Designers take over the Bronfman mansion.
Far above the rabble of Carré St-Louis, on the other side of town, over 800 of Montreal’s most well-heeled gathered for a charity cocktail on Monday. The 80,000 square-foot grounds of the Bronfman mansion in upper, upper Westmount held the opening gala of the second annual A Decorator’s Dream House, which runs until June 5.
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This 10-day-long open house (open, but not free– general admission tickets are $60) is the first time the Bronfman estate has ever been open to the public. Samuel Bronfman, the whiskey baron behind the Seagram dynasty, first bought the 1906 house in the late 1920s. While the family has since sold its stake in the distillery, the property remains in the hands of grandson Stephen.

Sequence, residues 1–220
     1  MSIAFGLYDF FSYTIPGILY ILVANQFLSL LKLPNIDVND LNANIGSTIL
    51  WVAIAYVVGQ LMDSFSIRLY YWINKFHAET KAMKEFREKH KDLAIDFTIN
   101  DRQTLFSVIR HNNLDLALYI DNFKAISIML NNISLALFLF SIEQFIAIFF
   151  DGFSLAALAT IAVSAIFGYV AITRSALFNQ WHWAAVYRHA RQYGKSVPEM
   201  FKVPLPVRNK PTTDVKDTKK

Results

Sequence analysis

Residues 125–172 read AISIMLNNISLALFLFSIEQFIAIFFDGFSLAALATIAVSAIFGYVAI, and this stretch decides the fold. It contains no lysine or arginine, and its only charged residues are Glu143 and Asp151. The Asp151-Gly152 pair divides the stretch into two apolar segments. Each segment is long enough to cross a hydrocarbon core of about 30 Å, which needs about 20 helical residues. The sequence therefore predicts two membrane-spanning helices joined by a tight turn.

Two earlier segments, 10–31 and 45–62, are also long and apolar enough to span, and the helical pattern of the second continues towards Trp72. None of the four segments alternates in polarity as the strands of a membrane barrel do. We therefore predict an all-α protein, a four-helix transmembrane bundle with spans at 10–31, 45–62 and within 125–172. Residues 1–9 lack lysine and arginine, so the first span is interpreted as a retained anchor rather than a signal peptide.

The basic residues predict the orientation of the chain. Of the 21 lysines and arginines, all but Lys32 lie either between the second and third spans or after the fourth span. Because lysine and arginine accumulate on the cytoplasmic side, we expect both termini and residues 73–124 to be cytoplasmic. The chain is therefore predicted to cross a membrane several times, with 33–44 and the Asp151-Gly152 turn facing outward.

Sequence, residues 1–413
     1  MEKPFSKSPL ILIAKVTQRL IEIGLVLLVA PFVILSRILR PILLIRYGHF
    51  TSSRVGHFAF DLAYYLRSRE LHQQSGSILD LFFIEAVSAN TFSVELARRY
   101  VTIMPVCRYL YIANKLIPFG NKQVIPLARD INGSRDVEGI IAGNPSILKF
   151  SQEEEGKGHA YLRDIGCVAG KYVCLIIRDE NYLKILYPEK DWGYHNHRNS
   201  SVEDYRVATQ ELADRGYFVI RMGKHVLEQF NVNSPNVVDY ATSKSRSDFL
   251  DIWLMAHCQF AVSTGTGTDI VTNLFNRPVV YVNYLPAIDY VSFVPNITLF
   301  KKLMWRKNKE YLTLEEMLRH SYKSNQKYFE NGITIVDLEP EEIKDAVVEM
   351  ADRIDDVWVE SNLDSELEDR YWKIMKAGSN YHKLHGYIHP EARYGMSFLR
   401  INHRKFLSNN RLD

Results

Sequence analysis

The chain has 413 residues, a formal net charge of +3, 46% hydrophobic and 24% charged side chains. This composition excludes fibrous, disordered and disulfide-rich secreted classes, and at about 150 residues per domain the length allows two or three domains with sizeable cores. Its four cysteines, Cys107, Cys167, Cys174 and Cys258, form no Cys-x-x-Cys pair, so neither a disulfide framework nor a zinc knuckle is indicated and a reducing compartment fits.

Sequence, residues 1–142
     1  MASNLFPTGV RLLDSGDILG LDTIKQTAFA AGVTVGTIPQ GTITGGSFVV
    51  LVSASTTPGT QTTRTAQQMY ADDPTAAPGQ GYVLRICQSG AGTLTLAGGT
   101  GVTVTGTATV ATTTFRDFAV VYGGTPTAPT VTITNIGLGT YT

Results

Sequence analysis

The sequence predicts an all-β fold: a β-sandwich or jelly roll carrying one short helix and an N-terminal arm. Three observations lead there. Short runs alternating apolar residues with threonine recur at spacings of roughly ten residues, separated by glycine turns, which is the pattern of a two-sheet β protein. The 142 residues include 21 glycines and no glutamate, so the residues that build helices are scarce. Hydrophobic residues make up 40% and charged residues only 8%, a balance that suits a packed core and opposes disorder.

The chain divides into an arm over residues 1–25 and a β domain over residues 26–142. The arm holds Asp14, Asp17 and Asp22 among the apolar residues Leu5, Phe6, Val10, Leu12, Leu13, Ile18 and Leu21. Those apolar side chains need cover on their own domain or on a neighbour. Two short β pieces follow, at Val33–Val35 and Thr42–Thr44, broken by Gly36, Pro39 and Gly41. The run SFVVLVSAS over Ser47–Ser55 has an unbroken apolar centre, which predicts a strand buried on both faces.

Stephen Bronfman lent the estate to the Women’s Federation CJA– a Jewish philanthropic organization that offers social services to the community– to be transformed into a “decorative showcase” where each room is conceptualized by a different Montreal interior design team. This is the second event of its kind– last year’s was at Ogilvy’s . And like last year, proceeds will go toward helping Montreal’s poor.
Selected by the exhibits co-chairs Vicki Feil and Saryl Bross, the designers supplied their own materials, antiques and other furnishing to transform each space in the red brick and copper-shingle roof mansion. Rather than strike a contemporary tone in their work most of the designers have chosen to echo the beauty and architectural details of the original building , like the wood-paneled walls of oak and pine that were made from the trees that were cleared from the property to build the house.
While “less is more” seems to be the mantra guiding the hands of downtown designers toward clean lines and subdued shades, this project shows that things remain different uptown: Every room in the refurbished mansion is an exercise in opulence and goes a long way to recapturing the site’s former glory.
Hour, May 30 – June 5, 2002